The opera is generally considered a pretentious pastime. It’s a place where monocles and top hats flourish, where performers seem to have a somewhat supernatural ability to achieve both the highest and lowest ends of the singing spectrum, and Italian-encrusted sentences like, “The operetta’s libretto was magnifico!” thrive with peculiar regularity. Popular American culture seems to look down on the art form as a hopelessly upper-class European diversion. However, upon watching Sinfonicron Light Opera Company’s production of Gilbert and Sullivan’s “Iolanthe,” directed by Kelsey Schneider ’14, I was struck by how entertaining a night at the opera could be. There are no traces of tragic melodrama, merely a genuinely comedic tale of true love across a social — and mystical — divide.
At the outset of the tale, the audience is introduced to a group of fairies who form the female ensemble. It’s made clear at once that they are flighty, sprightly creatures who retain their youthful beauty and grace forever. Enter the Queen of the Fairies, played with a powerful self-assurance by Christine Jacobs ’16. The fairies plead to her to summon Iolanthe, a member of their party who has been cast into isolation for the past 25 years for marrying a mortal. The Queen ultimately relents, and Iolanthe (Lauren Harrington ’13), summoned from her stream of frogs, reunites with her fairy kindred. The pardoned fairy reveals that she has produced a son, Strephon (Sky Jarrett ’16), who is now on the cusp of manhood, seeking to marry the lovely Phyllis (Addie Schafer, ’13), the Lord Chancellor’s ward of court.
Iolanthe, despite being the eponymous character, has little to do with the central conflict of the play. The story is mostly concerned with the relationship between Strephon and Phyllis, as well as with the many obstacles in the way of their marriage, the most obtrusive of which is the Lord Chancellor himself, played with a surge of unrivaled bombastic energy by Chris Richardson ’13. The Lord Chancellor, believing Strephon to be a lowly Arcadian shepherd, disapproves of the engagement and may or may not have an interest in Phyllis himself.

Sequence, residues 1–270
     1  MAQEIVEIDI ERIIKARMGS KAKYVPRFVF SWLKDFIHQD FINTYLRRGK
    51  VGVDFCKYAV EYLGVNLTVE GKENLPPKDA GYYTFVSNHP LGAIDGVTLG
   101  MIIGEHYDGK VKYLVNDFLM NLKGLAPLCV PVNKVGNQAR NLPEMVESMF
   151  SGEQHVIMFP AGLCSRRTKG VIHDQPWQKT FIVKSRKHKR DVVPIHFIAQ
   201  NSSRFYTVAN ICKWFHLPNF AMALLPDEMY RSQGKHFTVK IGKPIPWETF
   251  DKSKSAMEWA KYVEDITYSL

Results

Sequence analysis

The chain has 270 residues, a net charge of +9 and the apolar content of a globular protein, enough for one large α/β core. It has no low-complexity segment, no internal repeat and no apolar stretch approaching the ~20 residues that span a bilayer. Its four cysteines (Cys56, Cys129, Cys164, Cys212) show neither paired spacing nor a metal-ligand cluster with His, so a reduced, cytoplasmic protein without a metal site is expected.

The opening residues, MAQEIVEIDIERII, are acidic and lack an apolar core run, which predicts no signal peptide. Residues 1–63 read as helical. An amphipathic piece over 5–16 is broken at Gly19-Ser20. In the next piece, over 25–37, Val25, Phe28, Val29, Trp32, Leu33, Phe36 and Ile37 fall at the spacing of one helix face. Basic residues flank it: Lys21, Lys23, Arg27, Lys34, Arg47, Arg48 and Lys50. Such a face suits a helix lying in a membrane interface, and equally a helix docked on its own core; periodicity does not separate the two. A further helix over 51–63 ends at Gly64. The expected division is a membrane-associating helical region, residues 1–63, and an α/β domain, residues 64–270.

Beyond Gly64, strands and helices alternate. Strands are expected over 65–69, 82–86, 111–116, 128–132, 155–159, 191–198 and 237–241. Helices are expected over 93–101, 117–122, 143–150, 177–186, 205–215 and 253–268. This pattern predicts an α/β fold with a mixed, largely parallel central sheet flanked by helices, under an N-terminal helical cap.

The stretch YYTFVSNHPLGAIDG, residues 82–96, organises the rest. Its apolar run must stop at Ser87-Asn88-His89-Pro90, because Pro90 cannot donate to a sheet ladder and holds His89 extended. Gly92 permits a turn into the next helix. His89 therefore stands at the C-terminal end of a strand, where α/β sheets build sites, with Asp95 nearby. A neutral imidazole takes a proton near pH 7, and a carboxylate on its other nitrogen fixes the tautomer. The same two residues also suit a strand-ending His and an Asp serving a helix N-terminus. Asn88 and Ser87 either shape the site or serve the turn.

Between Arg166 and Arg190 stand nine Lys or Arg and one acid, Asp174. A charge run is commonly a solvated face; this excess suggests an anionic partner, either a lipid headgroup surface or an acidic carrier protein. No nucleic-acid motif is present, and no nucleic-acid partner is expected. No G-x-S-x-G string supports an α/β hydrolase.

Backing up the Lord Chancellor is the male ensemble, a motley collection of lords, counts, earls and barons, who cry out “Bow, bow, ye lower middle classes!” so often it might as well be their creed. In this ensemble, Lord Tolloller (Andreas Moffet ’15) and Lord Mountararat (Ethan Roday ’14) serve as a unique comic duo, each vying for the affections of Phyllis.
Adding to his distress, Strephon is faced with the singular problem of being only half- fairy. He is blessed with immortality from the waist up, but his lower half remains disappointingly mortal. Although he is treated with tenderness and affection from his mother and fairy “aunts,” Strephon is subject to derision and contempt from the Lord Chancellor and his peers.
The remainder of the play deals with various romantic misunderstandings and unraveled secrets that could only be plausible in a narrative already stuffed to capacity with prancing palace guards and a variety of fairy-human love connections. A higher conflict in the narrative, however, lies with the distance between the fairy culture and the members of Parliament. The strongest sections of the play occur whenever the male and female ensembles are both present on stage, battling each other with their vocals and eccentric dance moves.
Although Gilbert and Sullivan wrote the play in the late 1800s, the setting has been shifted to 1960s swinging London. It’s a conceit that isn’t expressed entirely clearly as fairy fashion doesn’t necessarily change over the millennia and upper-class Parliament members wear dark suits that could belong to any modern decade — some skinny ties and mod dresses would have been fun. However, the stylistic decision was definitely evident in the choreography that included quirky ‘60’s dance staples like “The Twist” and “The Monkey.” The featured dancers, Megan Tatum ’15 and Mallory Tucker ’15, shone exceptionally as two fairies with a bit more confidence in their abilities, flitting across the stage with an inimitable effervescence.
It’s absolutely certain that the show wouldn’t have possessed a tenth of its appeal without a talented orchestra, which often blended into the background, enhancing the actors’ performances, but sometimes walloped the audience with a thunderous authority. An added pleasure comes after the curtain call when the orchestra performs familiar ‘60s songs such as “Happy Together,” a treat that could serve as a show unto itself.
All in all, “Iolanthe” is an unexpected delight. The ability of everyone involved, both onstage and off, is distinctly evident and serves as a reminder of what can be accomplished when individuals with different talents band together to deliver an intensely watchable product. “Iolanthe” plays Jan. 17-20 in Phi Beta Kappa Memorial Hall.